- A session on using editorial networks to expand news coverage efficiently,with Miguel Angel Basteiner, International Affairs Director of El Pais,Spain, and Director of the Le Monde/El Pais/La Repubblica network, RistoUimonen, Editor of Kaleva in Finland, and Imtiaz Alam, General Secretary ofthe South Asian Free Media Association.

- A discussion of the "citizen journalist" movement, with panelists Barry Sussman, Director of the Nieman Watchdog Project, Joichi Ito, CEO of Japan's Neoteny, and Andrew Nachison, Director of the US-based Media Center.

- A look at "new legal dangers: privacy issues and sports rights" with KaiDiekmann, Editor of Bild in Germany, Ko Yamaguchi, Advisor for International Affairs for Japan's Kyodo News Service, Monique Villa, Senior Vice Presidentfor Reuters, and Ari Valjakka, Editor of Finland's Turun Sanomat.

- And many others.

For the full conference programme, consulthttp://www.wan-press.org/seoul2005/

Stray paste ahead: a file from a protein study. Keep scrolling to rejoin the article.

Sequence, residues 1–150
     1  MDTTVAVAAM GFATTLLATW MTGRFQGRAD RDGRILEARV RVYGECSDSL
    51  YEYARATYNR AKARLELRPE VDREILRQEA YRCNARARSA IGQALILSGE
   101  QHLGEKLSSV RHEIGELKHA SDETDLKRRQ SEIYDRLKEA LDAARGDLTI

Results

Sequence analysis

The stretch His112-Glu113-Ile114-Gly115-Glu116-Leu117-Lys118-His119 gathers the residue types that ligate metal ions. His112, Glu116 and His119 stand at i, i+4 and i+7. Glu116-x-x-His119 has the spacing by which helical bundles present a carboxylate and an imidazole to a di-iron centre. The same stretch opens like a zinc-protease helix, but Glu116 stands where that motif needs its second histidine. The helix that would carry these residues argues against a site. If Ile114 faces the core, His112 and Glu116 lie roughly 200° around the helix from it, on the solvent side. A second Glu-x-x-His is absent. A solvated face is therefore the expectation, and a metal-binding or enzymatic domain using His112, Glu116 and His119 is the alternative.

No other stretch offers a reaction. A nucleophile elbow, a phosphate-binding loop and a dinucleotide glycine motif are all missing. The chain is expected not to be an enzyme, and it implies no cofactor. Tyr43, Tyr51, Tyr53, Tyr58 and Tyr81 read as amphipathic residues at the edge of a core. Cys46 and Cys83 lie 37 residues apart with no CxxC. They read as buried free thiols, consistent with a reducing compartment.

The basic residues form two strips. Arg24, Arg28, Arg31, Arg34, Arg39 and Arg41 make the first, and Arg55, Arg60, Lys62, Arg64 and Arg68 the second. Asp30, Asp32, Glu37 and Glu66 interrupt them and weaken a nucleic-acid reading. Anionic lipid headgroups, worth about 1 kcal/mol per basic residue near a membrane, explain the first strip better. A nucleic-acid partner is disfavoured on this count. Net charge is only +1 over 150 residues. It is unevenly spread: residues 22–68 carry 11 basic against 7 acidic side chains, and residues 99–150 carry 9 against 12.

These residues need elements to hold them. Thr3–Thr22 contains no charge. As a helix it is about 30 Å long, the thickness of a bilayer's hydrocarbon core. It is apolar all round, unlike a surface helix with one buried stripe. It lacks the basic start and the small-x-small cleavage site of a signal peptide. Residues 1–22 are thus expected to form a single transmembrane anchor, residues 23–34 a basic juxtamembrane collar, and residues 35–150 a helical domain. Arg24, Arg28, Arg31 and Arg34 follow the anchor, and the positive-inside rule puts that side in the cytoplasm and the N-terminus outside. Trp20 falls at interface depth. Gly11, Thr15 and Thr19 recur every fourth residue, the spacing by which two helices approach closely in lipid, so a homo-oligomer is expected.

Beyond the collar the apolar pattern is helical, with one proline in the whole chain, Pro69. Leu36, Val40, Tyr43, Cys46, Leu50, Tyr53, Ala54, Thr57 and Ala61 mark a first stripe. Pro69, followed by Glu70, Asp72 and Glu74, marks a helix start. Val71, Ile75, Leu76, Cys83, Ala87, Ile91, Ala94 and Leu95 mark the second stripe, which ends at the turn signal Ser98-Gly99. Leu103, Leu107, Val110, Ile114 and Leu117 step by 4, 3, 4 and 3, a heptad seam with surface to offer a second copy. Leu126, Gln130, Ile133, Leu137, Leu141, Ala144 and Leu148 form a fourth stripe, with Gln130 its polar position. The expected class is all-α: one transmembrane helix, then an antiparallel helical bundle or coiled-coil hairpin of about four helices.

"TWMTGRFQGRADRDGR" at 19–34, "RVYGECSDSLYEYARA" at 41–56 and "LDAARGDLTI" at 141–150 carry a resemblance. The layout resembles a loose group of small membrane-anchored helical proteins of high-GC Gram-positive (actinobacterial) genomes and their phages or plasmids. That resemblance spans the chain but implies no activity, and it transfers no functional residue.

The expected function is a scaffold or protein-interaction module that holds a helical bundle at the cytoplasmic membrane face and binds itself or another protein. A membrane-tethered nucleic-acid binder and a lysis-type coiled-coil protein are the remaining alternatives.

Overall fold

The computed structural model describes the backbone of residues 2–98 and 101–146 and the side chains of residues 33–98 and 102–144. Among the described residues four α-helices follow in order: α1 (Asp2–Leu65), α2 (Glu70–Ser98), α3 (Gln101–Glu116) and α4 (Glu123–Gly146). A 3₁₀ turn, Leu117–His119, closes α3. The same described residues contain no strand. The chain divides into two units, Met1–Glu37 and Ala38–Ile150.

The Paris-based WEF is the organisation of the World Association ofNewspapers that represents senior news executives. WAN, the globalorganisation for the newspaper industry, represents 18,000 newspapers; itsmembership includes 72 national newspaper associations, individual newspaperexecutives in 102 countries, 11 news agencies and nine regional andworld-wide press groups.

Inquiries to: Larry Kilman, Director of Communications, WAN, 7 rue GeoffroySt Hilaire, 75005 Paris France. Tel: +33 1 47 42 85 00. Fax: +33 1 47 42 4948. Mobile: +33 6 10 28 97 36. E-mail: lkilman@wan.asso.fr

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Larry KilmanDirector of Communications
World Association of Newspapers
7 Rue Geoffroy St. Hilaire
75005 Paris France
Tel: +33 1 47 42 85 00
Fax: +33 1 47 42 49 48
E-mail: lkilman@wan.asso.fr
Visit our web site at http://www.wan-press.org

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Monday, April 04, 2005